Fall 2013 Burnett Research Scholars Grant Recipients

Fall 2013 Burnett Research Scholars Grant Recipients

 

Matthew Patsis

Major:  History

Faculty mentor:  Dr. Ezekiel Walker, Department of History

Project title:  The Legacy of African Veterans of the Second World War and Their Role in the Independence Movements of the Late Twentieth Century


Project summary:
My research is focusing on colonial independence movements in French West Africa after World War II and the role that African veterans of WWII played in the rise of nationalism in their respective countries. Additionally, I will be examining the effect that those same veterans had in gaining independence during the independence movements of the 1950's and 60's.

What is your area of research interest?
The broad area of my research is African History. Specifically, I will be researching African nationalism after WWII, African independence movements, African WWII veterans in independence movements, and the decolonization of Africa.

How did you get started in undergraduate research?
My introduction to undergraduate research began last Spring (2013) in my HIS 4150 class with Dr. Amelia Lyons. I began researching this topic for my term paper in that course and was encouraged by Dr. Lyons to expand my research by applying for the Burnett Research Scholars grant.  

How has the Burnett Research Scholars grant helped you achieve the goals of your research project?
The Burnett Research Scholars grant will allow me to better pursue my research goals by providing me with the funding I need to access valuable resources that constitute the body of African historiography. For instance, I will now be able to travel to the University of Florida in Gainesville, which has the largest collection of works in African studies in the South East region, to access a wider body of both primary and secondary sources.

What are your future academic and professional goals?
I hope to continue my academic career by attending graduate school and hopefully earning a doctorates degree so that I may one day teach on the collegiate level.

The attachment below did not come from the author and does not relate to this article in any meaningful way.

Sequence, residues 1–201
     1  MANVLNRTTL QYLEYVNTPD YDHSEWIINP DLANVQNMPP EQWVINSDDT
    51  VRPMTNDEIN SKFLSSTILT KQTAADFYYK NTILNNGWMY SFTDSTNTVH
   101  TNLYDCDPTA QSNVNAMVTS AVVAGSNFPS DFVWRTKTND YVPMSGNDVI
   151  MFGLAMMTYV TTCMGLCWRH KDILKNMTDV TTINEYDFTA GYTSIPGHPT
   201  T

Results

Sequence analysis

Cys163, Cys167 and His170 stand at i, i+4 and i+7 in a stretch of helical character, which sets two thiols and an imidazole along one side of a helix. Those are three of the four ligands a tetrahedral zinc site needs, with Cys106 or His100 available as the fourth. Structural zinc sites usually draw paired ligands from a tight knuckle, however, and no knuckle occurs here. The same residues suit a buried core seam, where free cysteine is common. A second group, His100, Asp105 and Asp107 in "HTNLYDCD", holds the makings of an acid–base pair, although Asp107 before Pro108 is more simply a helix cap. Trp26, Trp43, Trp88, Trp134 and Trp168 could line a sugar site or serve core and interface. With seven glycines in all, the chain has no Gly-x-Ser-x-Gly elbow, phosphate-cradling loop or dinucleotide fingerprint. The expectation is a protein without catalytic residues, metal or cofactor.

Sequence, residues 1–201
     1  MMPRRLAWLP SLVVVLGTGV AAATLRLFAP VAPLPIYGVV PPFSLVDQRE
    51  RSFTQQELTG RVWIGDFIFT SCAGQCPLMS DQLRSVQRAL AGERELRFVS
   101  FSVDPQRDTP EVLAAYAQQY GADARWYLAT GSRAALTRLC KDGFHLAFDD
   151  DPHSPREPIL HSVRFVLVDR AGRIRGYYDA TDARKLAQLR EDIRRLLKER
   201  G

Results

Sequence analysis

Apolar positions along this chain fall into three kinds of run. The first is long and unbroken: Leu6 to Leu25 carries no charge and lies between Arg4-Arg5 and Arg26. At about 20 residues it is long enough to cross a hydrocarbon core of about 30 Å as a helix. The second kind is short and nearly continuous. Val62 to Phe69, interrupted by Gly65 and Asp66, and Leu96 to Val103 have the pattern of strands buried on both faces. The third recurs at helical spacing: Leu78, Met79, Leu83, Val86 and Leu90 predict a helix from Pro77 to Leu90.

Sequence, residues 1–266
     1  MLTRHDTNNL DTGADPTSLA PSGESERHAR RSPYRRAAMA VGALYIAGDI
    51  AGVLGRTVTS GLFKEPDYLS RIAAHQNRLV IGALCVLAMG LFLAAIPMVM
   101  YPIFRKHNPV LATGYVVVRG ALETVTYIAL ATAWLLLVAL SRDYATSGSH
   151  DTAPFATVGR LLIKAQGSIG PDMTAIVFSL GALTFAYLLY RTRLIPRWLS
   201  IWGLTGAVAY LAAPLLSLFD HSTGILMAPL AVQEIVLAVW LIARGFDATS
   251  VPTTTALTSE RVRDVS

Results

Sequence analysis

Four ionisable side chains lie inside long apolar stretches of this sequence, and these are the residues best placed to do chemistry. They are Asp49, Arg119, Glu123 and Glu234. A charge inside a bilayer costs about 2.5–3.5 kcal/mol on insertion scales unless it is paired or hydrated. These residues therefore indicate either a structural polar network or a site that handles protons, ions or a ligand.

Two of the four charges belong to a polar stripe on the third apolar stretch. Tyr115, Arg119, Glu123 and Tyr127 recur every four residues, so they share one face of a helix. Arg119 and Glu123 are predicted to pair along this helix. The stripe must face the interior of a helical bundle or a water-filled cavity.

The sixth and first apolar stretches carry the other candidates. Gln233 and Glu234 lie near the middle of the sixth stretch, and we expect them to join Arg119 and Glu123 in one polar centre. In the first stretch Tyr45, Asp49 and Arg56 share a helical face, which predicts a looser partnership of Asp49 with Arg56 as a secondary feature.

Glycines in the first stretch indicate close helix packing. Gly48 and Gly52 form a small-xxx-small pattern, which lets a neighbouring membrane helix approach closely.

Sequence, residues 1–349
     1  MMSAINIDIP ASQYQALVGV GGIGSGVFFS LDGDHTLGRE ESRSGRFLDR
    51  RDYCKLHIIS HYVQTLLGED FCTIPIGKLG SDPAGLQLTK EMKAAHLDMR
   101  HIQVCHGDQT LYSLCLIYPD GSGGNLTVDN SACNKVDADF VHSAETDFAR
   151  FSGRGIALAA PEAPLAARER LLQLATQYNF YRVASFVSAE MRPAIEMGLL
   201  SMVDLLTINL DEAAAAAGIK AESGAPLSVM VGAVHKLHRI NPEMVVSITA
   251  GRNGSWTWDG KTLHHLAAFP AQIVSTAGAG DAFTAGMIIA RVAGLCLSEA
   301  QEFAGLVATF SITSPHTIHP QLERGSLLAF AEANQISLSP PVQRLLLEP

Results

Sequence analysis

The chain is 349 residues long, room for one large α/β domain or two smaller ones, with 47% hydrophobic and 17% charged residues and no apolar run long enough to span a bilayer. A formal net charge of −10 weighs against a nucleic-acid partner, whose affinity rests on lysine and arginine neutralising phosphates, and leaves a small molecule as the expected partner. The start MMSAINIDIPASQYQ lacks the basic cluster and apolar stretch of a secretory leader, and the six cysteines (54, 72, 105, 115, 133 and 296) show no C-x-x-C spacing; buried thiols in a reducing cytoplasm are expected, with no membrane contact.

In your opinion, what is the best thing about being an undergraduate researcher?
I believe that the best thing about being an undergraduate researcher is that I get to expand my own knowledge while conducting research in a specific area of history that is not available for study through any standard course at UCF. Additionally, being an undergraduate researcher allows me the opportunity to begin contributing to the body of scholarly work in the field of African historiography, while making myself a better and more knowledgeable student.

 

John Vastola

Major:  Mathematics

Faculty mentor:  Dr. Costas Efthimiou, Department of Physics

Project title:  Computing the Rank of an Arbitrary Elliptic Curve


Project summary:
An elliptic curve is a special kind of polynomial equation of degree 3 in two variables. If we consider only those points on the curve with rational coordinates, we find that we can define a way to ‘add’ two points to get another point. The set of rational points on a given elliptic curve together with this operation forms a ‘group,’ an algebraic structure with interesting properties. In particular, this group is finitely generated; this means that any point on the curve can be expressed as some combination of a finite number of points. To obtain a given point, we need both ‘torsion’ points—which can only generate a finite number of other points on the curve—and non-torsion points, which can generate infinitely many. We call the smallest number of non-torsion points that we need to generate any point on the curve the rank of that curve.

In general, it is not known how to compute the rank of an elliptic curve. It is also not known if the rank of a curve can be arbitrarily high; the highest known rank is at least 28. We will attempt to characterize the non-torsion points needed to generate an arbitrary point on the curve, gather numerical evidence for the existence of arbitrarily large ranks, and contribute results in the direction of calculating the rank of a given curve.